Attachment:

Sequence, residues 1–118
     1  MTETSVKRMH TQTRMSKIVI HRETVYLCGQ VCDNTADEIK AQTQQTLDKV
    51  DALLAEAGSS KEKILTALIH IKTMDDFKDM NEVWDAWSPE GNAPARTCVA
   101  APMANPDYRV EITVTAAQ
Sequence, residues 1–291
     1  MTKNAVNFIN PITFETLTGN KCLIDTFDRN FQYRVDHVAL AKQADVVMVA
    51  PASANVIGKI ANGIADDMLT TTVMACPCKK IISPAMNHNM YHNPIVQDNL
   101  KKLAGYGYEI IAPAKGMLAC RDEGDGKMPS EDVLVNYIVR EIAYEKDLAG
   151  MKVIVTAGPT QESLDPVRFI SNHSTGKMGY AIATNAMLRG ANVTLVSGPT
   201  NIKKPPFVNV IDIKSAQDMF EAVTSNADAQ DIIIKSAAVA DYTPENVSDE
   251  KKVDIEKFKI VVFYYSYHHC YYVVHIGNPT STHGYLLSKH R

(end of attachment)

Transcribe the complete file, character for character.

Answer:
Sequence, residues 1–118
     1  MTETSVKRMH TQTRMSKIVI HRETVYLCGQ VCDNTADEIK AQTQQTLDKV
    51  DALLAEAGSS KEKILTALIH IKTMDDFKDM NEVWDAWSPE GNAPARTCVA
   101  APMANPDYRV EITVTAAQ
Sequence, residues 1–291
     1  MTKNAVNFIN PITFETLTGN KCLIDTFDRN FQYRVDHVAL AKQADVVMVA
    51  PASANVIGKI ANGIADDMLT TTVMACPCKK IISPAMNHNM YHNPIVQDNL
   101  KKLAGYGYEI IAPAKGMLAC RDEGDGKMPS EDVLVNYIVR EIAYEKDLAG
   151  MKVIVTAGPT QESLDPVRFI SNHSTGKMGY AIATNAMLRG ANVTLVSGPT
   201  NIKKPPFVNV IDIKSAQDMF EAVTSNADAQ DIIIKSAAVA DYTPENVSDE
   251  KKVDIEKFKI VVFYYSYHHC YYVVHIGNPT STHGYLLSKH R